The Prussian plan was to anchor our left flank on a small village and deploy both of our cavalry commands on the right flank. The Austrians had a very similar plan and ended up with both of their cavalry commands deployed facing ours. The Austrians ended up with the first move and got their Infantry Battalions in the center deployed first. This gave the Prussian center some difficulty as they came under fire prior to being fully deployed.
However the Prussian Right and Left Flanks were faring much better at this point. The Left flank fully deployed and was awaiting the Austrian Right. The Austrians had not anticipated the refused flank and had a long march to bring their far right units to the fight. On the Prussian right the cavalry charged headlong into the Austrian Cavalry and a massive, whirling fight ensued. The Austrians were hampered in bringing the full weight of their Cavalry to bear by a small wood that cut their baseline. Ultimately this would prove critical on that flank and would end up turning the battle.
The Initial Prussian cavalry charge eventually crushed the Austrian cavalry facing it. This was mostly due to very poor dice rolling by the Austrian Commander coupled with the Austrians inability to bring over half of their cavalry to bear due to the restrictive terrain (The woods in the above pic). However, much of the Prussian cavalry was left exhausted and the benefit of owning the flank could not immediately be exploited.
Just down the line the Hungarians were doing their best to pepper the deploying Prussians. Despite the heavy losses and much confusion the Prussians eventually got deployed and a fierce firefight ensued.
In center of the line Fredrick moved forward to press the attack. A long and deadly firefight ensued in which 2 Prussian battalions took over 50% casualties. Things were looking grim until the Prussian reserves joined the fight. At this point the Austrian center started to suffer from fatigue and it appeared that the Prussians were on the verge of a breakthrough.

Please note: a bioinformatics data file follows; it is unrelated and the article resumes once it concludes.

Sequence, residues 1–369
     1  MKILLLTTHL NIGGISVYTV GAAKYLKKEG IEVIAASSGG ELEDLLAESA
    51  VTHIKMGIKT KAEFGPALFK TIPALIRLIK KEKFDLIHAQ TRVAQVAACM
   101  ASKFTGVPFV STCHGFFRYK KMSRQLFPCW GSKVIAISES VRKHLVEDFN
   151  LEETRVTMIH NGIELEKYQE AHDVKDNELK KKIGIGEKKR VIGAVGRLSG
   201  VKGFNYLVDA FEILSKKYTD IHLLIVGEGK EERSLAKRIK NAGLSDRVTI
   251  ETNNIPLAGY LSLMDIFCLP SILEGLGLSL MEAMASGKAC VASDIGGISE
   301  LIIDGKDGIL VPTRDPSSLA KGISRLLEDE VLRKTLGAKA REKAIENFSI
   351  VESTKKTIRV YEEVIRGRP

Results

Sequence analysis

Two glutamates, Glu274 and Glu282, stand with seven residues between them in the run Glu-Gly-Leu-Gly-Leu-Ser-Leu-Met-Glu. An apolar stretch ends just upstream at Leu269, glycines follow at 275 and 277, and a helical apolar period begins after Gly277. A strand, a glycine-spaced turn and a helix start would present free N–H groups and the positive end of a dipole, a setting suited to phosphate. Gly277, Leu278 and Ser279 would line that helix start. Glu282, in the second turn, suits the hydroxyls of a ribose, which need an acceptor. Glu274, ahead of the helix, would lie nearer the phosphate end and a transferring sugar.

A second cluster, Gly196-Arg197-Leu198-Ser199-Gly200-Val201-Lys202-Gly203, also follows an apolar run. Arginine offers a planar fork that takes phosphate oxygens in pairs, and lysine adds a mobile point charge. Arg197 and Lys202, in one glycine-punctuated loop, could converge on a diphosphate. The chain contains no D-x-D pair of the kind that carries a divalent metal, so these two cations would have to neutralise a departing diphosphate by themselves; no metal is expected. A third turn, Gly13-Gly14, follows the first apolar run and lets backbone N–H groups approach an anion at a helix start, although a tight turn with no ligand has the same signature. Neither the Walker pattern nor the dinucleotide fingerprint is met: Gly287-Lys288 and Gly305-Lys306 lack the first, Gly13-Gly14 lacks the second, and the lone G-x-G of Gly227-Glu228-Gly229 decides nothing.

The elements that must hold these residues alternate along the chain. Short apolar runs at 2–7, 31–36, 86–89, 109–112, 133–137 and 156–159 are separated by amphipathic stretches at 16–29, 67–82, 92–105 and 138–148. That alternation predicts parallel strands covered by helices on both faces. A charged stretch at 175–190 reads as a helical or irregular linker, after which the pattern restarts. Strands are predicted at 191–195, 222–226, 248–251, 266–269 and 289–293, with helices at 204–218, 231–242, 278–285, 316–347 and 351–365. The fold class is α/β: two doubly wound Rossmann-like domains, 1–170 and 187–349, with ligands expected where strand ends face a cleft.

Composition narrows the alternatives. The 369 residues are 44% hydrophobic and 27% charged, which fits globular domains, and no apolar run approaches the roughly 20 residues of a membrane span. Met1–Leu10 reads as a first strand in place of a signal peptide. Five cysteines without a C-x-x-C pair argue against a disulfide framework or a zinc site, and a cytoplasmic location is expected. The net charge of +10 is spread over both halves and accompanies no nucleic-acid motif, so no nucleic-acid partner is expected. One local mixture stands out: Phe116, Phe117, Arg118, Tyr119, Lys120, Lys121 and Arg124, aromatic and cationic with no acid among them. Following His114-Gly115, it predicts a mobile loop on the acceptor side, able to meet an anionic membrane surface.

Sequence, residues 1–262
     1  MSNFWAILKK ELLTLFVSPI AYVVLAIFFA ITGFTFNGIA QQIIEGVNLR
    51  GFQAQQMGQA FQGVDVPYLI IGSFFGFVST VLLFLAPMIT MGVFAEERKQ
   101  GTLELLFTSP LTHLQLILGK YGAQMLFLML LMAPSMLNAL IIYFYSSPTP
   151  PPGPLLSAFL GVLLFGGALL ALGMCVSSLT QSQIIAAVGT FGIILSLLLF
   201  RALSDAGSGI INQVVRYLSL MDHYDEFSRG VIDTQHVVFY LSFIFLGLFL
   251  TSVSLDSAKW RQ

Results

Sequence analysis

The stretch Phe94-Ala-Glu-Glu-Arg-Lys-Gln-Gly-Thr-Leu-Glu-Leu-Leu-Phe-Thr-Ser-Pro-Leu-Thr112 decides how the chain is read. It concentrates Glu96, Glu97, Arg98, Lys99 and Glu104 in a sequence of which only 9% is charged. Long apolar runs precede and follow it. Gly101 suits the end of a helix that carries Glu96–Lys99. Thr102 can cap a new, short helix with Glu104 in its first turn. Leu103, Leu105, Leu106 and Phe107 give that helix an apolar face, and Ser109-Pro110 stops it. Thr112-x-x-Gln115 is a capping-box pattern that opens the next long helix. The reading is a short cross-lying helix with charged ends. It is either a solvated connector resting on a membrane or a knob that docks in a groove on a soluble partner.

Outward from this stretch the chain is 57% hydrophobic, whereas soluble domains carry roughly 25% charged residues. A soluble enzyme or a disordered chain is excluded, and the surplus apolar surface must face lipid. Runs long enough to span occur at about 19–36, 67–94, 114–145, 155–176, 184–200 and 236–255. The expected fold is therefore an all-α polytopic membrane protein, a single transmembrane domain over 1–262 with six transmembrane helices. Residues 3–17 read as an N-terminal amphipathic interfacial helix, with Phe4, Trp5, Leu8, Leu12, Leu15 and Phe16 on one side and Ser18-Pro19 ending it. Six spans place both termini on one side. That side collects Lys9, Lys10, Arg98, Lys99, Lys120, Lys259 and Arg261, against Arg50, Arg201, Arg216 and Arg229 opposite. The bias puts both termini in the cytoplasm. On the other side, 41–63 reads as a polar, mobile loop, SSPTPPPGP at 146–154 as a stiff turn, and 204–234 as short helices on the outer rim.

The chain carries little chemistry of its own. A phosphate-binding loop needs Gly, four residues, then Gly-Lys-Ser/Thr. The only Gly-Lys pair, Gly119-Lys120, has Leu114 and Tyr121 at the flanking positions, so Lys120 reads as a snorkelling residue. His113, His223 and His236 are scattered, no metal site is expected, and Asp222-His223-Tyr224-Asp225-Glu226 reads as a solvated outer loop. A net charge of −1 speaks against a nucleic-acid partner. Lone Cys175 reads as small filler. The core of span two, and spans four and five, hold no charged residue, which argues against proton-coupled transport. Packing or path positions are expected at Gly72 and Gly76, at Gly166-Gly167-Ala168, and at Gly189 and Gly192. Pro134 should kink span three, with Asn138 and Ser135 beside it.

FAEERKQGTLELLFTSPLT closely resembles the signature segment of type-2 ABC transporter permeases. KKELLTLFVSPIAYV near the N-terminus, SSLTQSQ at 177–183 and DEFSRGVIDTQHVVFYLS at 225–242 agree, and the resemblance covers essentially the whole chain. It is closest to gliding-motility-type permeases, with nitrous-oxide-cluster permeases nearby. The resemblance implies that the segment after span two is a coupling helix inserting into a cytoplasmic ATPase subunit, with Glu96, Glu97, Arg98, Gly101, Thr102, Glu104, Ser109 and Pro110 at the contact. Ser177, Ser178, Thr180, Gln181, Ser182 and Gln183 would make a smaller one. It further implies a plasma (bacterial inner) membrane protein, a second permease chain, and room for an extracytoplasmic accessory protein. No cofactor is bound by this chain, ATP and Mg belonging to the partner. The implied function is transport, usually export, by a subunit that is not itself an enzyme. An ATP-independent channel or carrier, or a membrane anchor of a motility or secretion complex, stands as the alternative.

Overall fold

The fighting on the left flank was fierce with neither side giving an inch. After the initial Austrian deployment difficulties they had put a number of battalions into the fight but were unable to make any headway against the steadfast Prussian defense. The Prussian general holding the left flank did his job well holding up almost a third of the Austrian infantry and keeping them out of the decisive section of the battle.
This proved to be a deadly combination as the engaged Hungarian infantry was unable to respond to a timely charge by a unit of Prussian Dragoons. The Austrian flank quickly collapsed as General Daun was sent from the field amidst the hoards of fleeing Hungarian Infantry.
This development in conjunction with the wavering of the Austrian center made it obvious that the day belonged to the Prussians. In all it was a great day of gaming and we all had a good time pushing troops around the table.
Note: The order counters in the pictures are from Litko Aerosystems.